The district also helps provide wildlife habitat through irrigated farmlands and on the water it manages at northeast Colorado reservoirs by providing the necessary environment for fish, birds and animals. When needed, our storage provides flood control throughout the region. And as we move into the future, we will provide increased recreational opportunities, like boating and fishing, to complement the needs of our growing communities.

The district is exploring new options and partners to fill the water supply gap that is projected in northeastern Colorado. The district’s partnerships include the Chatfield Reallocation Project with Denver Water, Trout Unlimited, Greenway Foundation and others. Partnerships like this have allowed CCWCD to receive grant funding to expand its mission as a local conservancy district.

Educating the public about wise water use, the importance of storage and the role water plays in our lives and economy, became another focus for the district during the 1990s and remains a priority today. The district organized its first Children’s Water Festival in Colorado in 1990, and it is still held every year. Grant money has been used to develop a water curriculum — “Water Wise Colorado” — for grades K-12. More recent programs include Well Watch, a system of monitor wells for data collecting at school properties, and a weeklong professional development workshop for teachers held every summer.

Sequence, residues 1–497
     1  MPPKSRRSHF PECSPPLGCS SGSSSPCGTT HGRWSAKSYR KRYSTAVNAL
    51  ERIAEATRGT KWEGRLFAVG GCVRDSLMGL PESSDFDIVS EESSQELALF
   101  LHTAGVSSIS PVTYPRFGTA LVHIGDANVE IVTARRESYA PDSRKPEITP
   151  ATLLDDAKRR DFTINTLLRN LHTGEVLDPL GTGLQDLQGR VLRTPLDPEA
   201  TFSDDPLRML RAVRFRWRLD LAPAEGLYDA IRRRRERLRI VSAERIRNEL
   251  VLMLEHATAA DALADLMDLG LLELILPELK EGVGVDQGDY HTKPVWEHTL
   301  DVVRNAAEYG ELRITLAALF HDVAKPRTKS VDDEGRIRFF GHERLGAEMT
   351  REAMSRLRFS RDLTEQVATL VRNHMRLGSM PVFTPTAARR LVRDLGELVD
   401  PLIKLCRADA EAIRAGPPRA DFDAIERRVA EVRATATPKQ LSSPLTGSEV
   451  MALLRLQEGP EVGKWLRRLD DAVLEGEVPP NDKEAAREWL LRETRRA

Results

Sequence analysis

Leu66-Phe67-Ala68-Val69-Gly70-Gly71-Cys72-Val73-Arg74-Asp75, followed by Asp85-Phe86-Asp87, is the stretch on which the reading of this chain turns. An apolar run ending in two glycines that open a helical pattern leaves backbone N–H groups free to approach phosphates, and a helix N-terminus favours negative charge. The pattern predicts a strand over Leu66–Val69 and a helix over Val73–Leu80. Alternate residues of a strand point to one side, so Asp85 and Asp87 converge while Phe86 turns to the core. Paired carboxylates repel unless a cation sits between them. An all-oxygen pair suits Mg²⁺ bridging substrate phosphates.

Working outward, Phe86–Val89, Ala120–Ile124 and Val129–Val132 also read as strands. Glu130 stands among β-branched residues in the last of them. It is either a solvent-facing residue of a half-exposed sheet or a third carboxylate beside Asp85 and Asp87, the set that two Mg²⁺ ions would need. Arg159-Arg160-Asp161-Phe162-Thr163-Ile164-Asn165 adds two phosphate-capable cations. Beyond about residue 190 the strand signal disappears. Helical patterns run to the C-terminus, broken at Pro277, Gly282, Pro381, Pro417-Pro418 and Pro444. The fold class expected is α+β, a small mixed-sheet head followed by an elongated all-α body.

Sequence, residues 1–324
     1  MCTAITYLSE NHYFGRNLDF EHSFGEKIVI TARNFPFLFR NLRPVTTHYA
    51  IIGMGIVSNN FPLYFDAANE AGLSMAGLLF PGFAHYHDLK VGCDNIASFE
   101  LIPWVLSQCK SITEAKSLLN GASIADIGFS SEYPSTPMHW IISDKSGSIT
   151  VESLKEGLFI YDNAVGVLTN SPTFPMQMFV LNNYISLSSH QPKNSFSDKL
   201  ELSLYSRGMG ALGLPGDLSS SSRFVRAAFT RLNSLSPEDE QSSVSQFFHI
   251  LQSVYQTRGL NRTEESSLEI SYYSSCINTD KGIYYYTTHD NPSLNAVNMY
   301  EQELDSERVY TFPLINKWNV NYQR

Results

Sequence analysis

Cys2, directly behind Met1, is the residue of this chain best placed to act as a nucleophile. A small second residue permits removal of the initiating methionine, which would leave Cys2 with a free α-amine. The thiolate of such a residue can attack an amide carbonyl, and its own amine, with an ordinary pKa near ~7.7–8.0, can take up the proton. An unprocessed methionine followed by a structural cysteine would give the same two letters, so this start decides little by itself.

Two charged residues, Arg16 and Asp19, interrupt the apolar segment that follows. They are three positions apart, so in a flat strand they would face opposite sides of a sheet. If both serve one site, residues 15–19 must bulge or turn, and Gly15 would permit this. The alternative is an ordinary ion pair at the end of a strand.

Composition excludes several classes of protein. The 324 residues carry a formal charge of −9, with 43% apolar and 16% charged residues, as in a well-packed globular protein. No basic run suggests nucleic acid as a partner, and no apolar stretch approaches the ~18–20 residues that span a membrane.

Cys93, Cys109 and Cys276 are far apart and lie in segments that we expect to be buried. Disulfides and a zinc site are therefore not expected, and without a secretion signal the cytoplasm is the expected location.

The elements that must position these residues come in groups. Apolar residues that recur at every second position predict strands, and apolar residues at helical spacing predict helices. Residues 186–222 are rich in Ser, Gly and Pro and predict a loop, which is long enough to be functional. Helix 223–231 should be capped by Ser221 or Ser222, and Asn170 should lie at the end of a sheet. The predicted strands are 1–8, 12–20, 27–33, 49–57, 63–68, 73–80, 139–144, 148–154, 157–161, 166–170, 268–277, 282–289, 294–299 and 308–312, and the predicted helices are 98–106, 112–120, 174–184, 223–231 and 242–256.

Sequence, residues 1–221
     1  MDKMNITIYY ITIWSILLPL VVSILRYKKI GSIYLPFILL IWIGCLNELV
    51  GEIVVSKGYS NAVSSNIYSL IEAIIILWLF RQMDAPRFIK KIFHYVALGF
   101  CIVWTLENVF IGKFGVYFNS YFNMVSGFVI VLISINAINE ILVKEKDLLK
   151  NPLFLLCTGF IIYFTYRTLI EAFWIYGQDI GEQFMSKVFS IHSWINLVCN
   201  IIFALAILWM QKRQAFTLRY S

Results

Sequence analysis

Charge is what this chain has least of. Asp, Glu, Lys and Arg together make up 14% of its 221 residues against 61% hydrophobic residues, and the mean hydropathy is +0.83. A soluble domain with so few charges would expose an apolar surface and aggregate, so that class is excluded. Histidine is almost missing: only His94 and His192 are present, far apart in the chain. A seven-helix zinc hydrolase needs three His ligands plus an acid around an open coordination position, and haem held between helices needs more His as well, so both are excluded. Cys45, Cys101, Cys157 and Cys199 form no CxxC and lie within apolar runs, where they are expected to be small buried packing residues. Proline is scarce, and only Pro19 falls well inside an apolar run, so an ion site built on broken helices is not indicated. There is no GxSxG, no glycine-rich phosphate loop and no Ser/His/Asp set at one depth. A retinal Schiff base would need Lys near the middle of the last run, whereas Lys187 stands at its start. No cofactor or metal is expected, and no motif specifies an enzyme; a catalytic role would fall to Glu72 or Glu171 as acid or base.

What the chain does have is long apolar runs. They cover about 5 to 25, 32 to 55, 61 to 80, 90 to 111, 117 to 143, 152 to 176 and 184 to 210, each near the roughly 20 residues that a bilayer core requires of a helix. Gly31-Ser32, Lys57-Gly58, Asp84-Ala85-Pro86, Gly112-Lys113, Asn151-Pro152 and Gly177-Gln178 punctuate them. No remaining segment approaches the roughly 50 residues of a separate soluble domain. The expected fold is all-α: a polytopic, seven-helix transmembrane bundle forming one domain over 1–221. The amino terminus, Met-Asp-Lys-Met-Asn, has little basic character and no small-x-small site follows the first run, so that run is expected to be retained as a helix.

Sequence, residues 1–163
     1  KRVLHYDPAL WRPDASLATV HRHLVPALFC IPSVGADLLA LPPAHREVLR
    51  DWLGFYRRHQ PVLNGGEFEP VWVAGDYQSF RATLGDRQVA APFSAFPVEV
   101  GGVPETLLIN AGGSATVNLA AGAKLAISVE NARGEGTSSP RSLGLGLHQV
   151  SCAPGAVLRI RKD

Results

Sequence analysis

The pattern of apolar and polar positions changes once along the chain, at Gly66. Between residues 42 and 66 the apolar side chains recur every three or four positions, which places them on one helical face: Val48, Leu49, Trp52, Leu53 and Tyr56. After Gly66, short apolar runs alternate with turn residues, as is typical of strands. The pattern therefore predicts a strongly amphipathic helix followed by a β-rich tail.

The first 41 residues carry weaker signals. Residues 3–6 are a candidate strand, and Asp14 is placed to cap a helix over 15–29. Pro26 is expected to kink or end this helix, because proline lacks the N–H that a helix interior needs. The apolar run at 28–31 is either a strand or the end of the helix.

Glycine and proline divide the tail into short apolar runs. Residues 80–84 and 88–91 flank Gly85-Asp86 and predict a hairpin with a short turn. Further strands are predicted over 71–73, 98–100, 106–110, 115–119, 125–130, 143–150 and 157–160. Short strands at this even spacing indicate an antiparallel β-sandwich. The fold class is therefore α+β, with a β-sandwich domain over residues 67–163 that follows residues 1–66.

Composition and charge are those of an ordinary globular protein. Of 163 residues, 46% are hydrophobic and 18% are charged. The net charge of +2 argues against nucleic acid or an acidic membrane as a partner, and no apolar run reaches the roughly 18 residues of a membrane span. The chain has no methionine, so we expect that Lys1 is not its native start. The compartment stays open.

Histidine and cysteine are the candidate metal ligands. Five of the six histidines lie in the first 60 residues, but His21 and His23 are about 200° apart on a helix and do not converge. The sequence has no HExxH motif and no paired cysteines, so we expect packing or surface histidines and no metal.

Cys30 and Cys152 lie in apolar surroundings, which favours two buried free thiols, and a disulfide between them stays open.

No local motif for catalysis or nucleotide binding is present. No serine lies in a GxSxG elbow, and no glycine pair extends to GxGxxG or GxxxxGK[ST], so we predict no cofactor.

Foremost are the district’s efforts over the decades to shore up water-storage capacity. Colorado’s climate always has been unpredictable, and the district has helped see its users through periods of prolonged drought as well as torrential rain. Employing an extensive portfolio of water rights, wells, irrigation ditches, rivers, recharge ponds and reservoirs, the district has helped the communities it serves across northeastern Colorado navigate the ebbs and flows of water over the decades.

However, since 2005, many wells in the South Platte River Basin were shut down or now have usage restrictions. That’s why the district received voter support in 2012 for a bond to purchase water rights and new sources. Now the district once again needs to increase its storage capacity.

Without adequate storage, all the conservation efforts available won’t amount to much. While the latter is broadly popular and typically receives all the support it needs in our state legislature, it is the former, storage that ensures the water we conserve will stick around to ensure Colorado quite literally can put food on everyone’s table.

That is why the district is always planning for the future. We will be working through the Colorado Water Plan, as well as continually utilizing the district’s own water plan. Implementing these plans and accomplishing our local, regional and statewide storage goals both require coordination and cooperation among many different stakeholders.

Over the coming months, the district will start identifying storage needs and preparing to discuss with community leaders, elected officials and the broader community the investments necessary to store our water and secure our economic and agricultural future.

We are looking forward to engaging with you on this critical topic. To learn more and to follow the conversation, we ask that you join us on Facebook at

Randy Knutson is president of the board of directors of Central Colorado Water Conservancy District.